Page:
Carson Praises EnVision Center for Education, Workforce Efforts

YOUNGSTOWN, Ohio — With the Youngstown City School District currently conducting all classes remotely, ensuring students get the support they need is “absolutely crucial” to their educational success, said Ben Carson, secretary of Housing and Urban Development.

“If a child gets three months or six months or even a year behind, it has a dramatic impact on the rest of their lives,” Carson said outside the Rockford Village EnVision Center on the city’s east side. “I think that’s something that some people don’t understand.”

The situation isn’t as difficult for students in more affluent areas because they have access to broadband and high-speed internet, the secretary said. In lower income areas, particularly among underserved minority populations, the assistance is critical because students aren’t currently able to access that infrastructure in the schools.

“In a lot of communities like this, those things don’t exist. And this really helps to fill the gap,” he said.

Carson joined community leaders in a tour of the Rockford Village EnVision Center, which launched in June 2018, and the neighboring Center for Community Empowerment. Rather than simply provide a government housing option for residents in need, the EnVision Center is designed to “take a holistic approach going way beyond brick-and-mortar, and really investing in people and helping them realize their potential,” he said. “I’m pleased to see that Rockford Village EnVision Center is doing just that.”

The center and its partners offer child care, counseling sessions, community programming, meals before and after school, a computer lab and a re-entry program for residents returning from prison, which is spearheaded by United Returning Citizens.

To fulfill its mission, the EnVision Center introduced an educational support assistance program to assist families and students with remote learning, as well as an entrepreneurship program for adults and children.

Ultimately, Carson said, the goal is to provide necessary supports and service in a central location to help residents “stand on their own” and break the cycle of dependency. Such services include education, job training, financial literacy and mentoring.

“EnVision centers were derived from the belief that HUD’s true measure of success is not how many people are in government programs, but how many we can get out of programs and onto a road of self-sufficiency,” he said.

“I think the center fully recognizes that education is really the key liberator from dependency,” he continued. “You can be born in the worst ghetto, born in the most remote farm in Appalachia, but if you get a good education, you write your own ticket.”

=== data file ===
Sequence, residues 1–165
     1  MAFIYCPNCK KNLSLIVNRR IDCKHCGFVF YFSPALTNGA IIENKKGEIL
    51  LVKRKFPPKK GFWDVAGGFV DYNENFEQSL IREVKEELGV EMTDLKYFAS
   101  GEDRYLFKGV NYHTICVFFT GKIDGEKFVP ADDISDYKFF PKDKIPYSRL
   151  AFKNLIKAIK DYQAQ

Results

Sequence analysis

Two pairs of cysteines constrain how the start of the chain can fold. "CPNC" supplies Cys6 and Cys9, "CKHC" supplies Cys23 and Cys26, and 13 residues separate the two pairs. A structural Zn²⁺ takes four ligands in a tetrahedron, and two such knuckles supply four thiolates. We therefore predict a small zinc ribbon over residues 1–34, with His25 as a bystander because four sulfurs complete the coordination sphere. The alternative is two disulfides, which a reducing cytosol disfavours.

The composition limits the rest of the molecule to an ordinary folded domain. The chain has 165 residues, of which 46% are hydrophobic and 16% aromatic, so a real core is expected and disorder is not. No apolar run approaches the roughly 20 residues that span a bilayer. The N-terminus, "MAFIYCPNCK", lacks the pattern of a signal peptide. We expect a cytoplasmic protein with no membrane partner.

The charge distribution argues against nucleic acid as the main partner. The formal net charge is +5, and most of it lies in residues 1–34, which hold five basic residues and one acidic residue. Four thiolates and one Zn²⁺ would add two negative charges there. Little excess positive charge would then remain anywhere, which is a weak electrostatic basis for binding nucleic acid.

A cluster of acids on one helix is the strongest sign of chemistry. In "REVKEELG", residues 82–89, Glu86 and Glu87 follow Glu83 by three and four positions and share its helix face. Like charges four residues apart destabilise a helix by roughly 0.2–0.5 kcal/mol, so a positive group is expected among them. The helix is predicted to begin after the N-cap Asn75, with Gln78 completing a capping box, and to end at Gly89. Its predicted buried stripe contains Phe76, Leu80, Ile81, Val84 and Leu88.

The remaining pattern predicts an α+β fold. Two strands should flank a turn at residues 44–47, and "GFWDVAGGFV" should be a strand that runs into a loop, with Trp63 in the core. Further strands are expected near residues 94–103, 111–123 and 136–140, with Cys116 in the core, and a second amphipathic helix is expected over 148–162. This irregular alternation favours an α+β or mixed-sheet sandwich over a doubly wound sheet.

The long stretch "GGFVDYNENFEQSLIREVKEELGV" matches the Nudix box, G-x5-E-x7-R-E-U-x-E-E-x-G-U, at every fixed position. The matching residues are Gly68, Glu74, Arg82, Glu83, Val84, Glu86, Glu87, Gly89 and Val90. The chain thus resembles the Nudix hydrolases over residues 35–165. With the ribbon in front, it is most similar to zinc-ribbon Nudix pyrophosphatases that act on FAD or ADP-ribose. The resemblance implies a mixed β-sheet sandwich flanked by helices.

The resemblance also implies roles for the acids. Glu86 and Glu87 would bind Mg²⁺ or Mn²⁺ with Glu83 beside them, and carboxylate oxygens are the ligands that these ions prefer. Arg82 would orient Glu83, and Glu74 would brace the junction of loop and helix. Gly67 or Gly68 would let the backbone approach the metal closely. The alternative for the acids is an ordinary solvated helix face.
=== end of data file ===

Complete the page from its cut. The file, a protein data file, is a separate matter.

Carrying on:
Typically, the EnVision Center services some 60 to 70 students, but the coronavirus pandemic reduced that number to about 30 over the summer, said Kathy Hammond, its community outreach specialist. Currently, the center serves 10 students through the remote learning assistance program, she said.

The center would like to expand the program, she says, but with only two large rooms in the building, “we have to be really careful” and abide by the guidelines set by the state and Centers for Disease Control and Prevention.

“We have had to slice the program down considerably,” she said. “We were fortunate and blessed that we didn’t have any COVID cases.”

Ben Carson, U.S. secretary of Housing and Urban Development

Students are enrolled in Youngstown City Schools and attend the all-day program and EnVision on Tuesday, Wednesday and Thursday, Hammond said. Staff help students with their work and feed them breakfast and lunch. “We give them a whole school day,” she said.

The center is launching an entrepreneurship program for children in partnership with Youngstown State University, in which students will start their own businesses and the center will pay for the incorporation of LLCs and employer identification numbers, Hammond said.

“We’re buying equipment, press machines, embroidery machines. All of that will be right here at the center,” she said.

United Returning Citizens is helping with that effort and has already seen a few of the adult residents purchase space in the area for businesses, said Executive Director Dionne Dowdy.

URC helps residents establish an LLC and develop a business plan, as well establish credit, acquire funding and develop their products and services.

“The youth are very creative, especially in this pandemic time,” Dowdy said. “Anything that can support and build the economy within the Rockford Village and the EnVision Center. And we’re happy to even be a part of that.

“We have all this land out here and all the empty buildings,” she added. “So how perfect would that be if we put some businesses in there?”

Pictured at top: Ben Carson tours the Rockford Village EnVision Center with community leaders, including HUD Midwest Regional Director Joseph Galvin and Rev. Willie Peterson, pastor of the NewBirth Kimmelbrook Baptist Church in Youngstown and executive director of The Center for Community Empowerment.

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